Personal Democracy Plus Our premium content network. LEARN MORE You are not logged in. LOG IN NOW >

More Progressives Target Zuckerberg on Facebook over FWD.us

BY Miranda Neubauer | Wednesday, May 8 2013

Progressives United, the political action committee founded by former Wisconsin Senator Russ Feingold, is coordinating the latest push by progressive groups against the advertising tactics of FWD.us, the pro-immigration advocacy group backed by Mark Zuckerberg and other technology companies.

After initial protest efforts by groups such as Credo and the Sierra Club, Progressives United reached out to those to those organizations and others, said Josh Orton, spokesperson for Progressives United. That coalition, which also includes MoveOn, Democracy For America, Daily Kos, the League of Conservation Voters, 350.org, Presente, Environmental Action and UltraViolet, vowed in an announcement yesterday that for a minimum of two weeks, they would pull their paid Facebook ad campaigns and hold purchases of new ad campaigns.

That also applies to the coalition's own advocacy efforts on Facebook itself, said Orton. A Facebook page backed by the coalition with the message "Tell FWD.us and Mark Zuckerberg: Pull Your Dirty Ads" has over 11,700 supporters, and Orton said the growth is coming through outreach to e-mail lists and other efforts, and not promoted posts or campaigns.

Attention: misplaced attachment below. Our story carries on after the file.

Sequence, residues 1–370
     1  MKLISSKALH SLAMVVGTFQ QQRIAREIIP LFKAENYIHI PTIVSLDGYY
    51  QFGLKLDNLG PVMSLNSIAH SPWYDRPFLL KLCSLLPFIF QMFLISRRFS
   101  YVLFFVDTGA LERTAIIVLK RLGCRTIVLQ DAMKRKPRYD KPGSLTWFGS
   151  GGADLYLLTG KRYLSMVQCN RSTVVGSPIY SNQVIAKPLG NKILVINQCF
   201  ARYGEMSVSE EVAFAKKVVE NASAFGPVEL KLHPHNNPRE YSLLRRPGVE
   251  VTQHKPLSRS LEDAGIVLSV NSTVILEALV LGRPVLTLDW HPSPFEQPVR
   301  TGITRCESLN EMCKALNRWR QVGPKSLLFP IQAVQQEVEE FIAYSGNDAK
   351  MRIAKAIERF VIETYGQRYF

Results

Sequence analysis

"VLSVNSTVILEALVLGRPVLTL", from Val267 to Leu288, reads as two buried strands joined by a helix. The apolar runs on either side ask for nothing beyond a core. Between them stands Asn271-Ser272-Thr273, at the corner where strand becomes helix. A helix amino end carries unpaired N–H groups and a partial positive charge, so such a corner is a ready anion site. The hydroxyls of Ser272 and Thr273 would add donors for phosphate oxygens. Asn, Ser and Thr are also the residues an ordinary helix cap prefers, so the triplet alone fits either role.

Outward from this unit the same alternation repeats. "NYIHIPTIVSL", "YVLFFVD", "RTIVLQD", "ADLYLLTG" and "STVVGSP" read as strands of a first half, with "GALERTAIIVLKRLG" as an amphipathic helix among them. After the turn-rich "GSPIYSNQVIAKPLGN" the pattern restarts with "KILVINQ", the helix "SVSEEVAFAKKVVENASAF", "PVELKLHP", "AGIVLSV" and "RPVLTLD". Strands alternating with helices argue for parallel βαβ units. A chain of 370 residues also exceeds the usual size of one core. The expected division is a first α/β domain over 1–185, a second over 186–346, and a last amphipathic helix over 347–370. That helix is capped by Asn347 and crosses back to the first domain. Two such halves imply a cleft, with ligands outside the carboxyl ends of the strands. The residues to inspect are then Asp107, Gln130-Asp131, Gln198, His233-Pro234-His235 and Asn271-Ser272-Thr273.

The aim of the effort is not "bankrupting Facebook," Orton said. "The point of this is to send a political message to Zuckerberg...[Zuckerberg and other technology leaders] have a legitimate story about why they support immigration reform ... We are protesting their tactics."

With its advertisements backing Senator Lindsey Graham (R-S.C.) and Senator Mark Begich (D-Alaska) and in favor of the Keystone Pipeline, progressive issues such as the environment and health care reform are being "thrown under the bus" by FWD.us, he said.

"We think it's bad strategy executed poorly," Orton went on to say. Running those ads is condescending, he said, implying that people in those states were too naive to have a proper discussion about the immigration issue.

"The ads are not about immigration and have nothing to do with immigration reform," he said, and draw on "Tea Party" rhetoric from the 2010 election with references to "Chicago-style politics" and "wasteful stimulus spending." If Zuckerberg does not hold those views, Orton said, "the approach is entirely cynical and transactional."